Take for instance a language like java or C++ which is a statically-typed language. Type checking in such language is performed at compile time. This is very useful as it warns the programmer of all type errors before the code executes successfully. This way, programmers are subjected to writing lesser error codes.
In C++ you would have to define a variable type before using it; You cannot assign a variable with the wrong data type. Hence, it ensures all your variables are checked to make sure they have the right datatype before the code is compiled.
For example, in C++, you would define an integer as:
int amount = 200;
this is correct and would compile successfully, then run successfully as well because 200 is an integer.
On the other hand, if you tried to declare
int amount = “200”;
this would fail at compile-time and you would have a compile-time error. Now this error is very useful as it warns you of a bug in your code before the program runs; helping you to fix it and preventing you from pushing a buggy code out for production.
var amount = 200;
then later do:
var amount = “200”
...both cases would compile successfully and even run successfully.
Now the fact that this compiles and runs successfully does not mean the code run as intended.
For a real world application, this simple bug could be a huge threat to the life of an organization.
If this code was part of a software handling some financial transactions, were the total amount in a certain user account is to be the sum of all the money coming in to the account. Then the outcome of the total amount in any user account would be wrong.
For example if:
var prevAmount = 500; var currAmount = “200” var totalAmount = prevAmount + currAmount console.log(totalAmount)
totalAmount = 500200
...This gives the user more money than should and puts the organization at risk.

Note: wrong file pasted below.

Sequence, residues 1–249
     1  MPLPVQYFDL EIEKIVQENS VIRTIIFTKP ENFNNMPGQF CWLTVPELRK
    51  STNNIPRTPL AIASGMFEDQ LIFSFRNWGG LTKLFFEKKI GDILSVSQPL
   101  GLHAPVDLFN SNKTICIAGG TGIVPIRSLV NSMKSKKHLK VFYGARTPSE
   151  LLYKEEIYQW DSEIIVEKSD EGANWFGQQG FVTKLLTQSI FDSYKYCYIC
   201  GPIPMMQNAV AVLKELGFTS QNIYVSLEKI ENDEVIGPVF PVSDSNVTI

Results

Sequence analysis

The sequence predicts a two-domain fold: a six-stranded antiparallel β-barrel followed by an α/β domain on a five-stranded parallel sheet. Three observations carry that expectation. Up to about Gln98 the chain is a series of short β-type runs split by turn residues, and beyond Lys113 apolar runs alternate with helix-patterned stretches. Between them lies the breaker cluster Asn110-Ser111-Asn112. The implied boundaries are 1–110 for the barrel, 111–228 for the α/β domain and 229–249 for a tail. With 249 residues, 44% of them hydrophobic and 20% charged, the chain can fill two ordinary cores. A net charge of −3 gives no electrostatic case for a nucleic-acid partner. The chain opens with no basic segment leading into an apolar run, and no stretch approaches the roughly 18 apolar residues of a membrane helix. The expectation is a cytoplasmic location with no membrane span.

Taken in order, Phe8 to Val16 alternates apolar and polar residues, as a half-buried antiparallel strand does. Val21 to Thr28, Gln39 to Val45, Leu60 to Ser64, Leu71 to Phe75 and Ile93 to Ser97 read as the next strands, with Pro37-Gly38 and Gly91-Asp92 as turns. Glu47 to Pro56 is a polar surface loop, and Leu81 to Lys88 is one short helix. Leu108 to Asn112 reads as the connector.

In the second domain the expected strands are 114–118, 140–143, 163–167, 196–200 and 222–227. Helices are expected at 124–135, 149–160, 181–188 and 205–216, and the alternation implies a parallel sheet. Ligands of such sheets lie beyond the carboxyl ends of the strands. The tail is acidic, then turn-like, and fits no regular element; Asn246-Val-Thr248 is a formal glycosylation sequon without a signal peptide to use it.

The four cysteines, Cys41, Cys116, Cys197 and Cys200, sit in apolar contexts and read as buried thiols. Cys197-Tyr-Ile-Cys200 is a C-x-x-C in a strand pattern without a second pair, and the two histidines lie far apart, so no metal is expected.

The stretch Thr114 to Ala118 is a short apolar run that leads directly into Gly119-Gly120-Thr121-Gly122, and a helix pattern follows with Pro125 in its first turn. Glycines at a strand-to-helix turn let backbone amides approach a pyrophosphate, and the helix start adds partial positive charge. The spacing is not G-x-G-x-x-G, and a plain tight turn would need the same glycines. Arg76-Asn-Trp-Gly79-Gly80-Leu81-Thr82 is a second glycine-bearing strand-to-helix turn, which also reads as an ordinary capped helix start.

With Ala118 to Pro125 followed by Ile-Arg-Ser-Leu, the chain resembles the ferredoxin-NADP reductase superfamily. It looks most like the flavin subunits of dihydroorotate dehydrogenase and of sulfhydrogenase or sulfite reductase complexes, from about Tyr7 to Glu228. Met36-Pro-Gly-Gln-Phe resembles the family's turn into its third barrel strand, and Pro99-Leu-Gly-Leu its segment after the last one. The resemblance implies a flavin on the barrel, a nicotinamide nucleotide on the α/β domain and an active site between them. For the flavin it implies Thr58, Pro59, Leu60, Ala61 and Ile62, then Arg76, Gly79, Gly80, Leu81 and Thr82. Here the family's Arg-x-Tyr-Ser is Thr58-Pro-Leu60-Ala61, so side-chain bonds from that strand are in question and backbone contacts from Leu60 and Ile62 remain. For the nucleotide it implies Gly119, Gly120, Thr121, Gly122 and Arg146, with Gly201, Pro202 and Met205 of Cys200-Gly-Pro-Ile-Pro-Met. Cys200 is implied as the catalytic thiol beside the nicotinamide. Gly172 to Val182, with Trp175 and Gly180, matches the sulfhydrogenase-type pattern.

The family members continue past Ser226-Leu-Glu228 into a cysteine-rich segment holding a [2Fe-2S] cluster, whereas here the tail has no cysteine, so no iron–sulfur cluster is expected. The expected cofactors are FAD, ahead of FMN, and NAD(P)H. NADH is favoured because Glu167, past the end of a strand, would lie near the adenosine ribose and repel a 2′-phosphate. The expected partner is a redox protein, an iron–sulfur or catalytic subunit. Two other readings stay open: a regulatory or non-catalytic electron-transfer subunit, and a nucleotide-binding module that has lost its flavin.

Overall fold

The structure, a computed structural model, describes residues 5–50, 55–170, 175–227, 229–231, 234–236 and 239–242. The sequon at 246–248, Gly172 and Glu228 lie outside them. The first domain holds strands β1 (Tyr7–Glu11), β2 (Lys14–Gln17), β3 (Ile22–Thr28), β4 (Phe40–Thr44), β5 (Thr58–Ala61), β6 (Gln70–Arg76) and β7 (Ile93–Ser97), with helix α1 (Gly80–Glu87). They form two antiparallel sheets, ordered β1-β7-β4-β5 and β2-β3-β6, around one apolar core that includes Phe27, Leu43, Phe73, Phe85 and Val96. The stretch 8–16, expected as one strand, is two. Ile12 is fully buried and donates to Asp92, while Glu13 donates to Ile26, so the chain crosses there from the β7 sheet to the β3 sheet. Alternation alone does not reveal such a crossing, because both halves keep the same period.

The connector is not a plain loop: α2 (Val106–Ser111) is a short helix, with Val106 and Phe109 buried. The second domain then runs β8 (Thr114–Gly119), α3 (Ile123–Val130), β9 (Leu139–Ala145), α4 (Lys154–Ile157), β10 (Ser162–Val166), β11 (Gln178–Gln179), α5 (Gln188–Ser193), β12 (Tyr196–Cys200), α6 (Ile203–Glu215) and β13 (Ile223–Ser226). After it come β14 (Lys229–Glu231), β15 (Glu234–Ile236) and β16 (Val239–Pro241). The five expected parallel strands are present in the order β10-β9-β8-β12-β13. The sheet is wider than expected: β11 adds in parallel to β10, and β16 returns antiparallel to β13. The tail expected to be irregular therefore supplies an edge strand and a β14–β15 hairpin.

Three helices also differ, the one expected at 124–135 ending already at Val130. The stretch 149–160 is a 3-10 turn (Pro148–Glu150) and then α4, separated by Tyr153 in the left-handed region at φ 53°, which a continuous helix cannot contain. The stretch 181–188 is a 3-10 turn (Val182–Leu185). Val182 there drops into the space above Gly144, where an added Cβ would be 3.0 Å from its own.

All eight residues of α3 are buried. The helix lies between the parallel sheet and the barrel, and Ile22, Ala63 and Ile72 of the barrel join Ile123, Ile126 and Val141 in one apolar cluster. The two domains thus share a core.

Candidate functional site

Whereas an explicit conversion is a conversion stated by a programmer to change the datatype of a variable intentionally.
An example of an explicit conversion would be:
var totalAmount = prevAmount.toInt() + currAmount.toInt()
By performing the explicit conversion, each amount would be converted to an integer before addition is done.
Now you may ask:
"Why can’t I just do this and avoid using a type checker for my code".
Well you can but you would have to remember to do so in every part of your code where necessary and also, your code would still compile even though you forget to do so in some instance. This means that you are prone to getting unintended results.
We want to avoid a buggy code compiling as much as possible .
We want all errors fixed before our code finally runs. So that when it finally does, we know for sure we are not having unintended behaviors from type errors.
The differences between static type checking and dynamic type checking can be seen when a type error occurs. In a statically-typed language, type errors occur during compile time.
Whereas in dynamically-typed languages, the errors occur only once the program is executed. That is, at runtime.
On the other hand, if a program written in a statically-typed language (like Java or C++) contains a type error, it will fail to compile until the error has been fixed.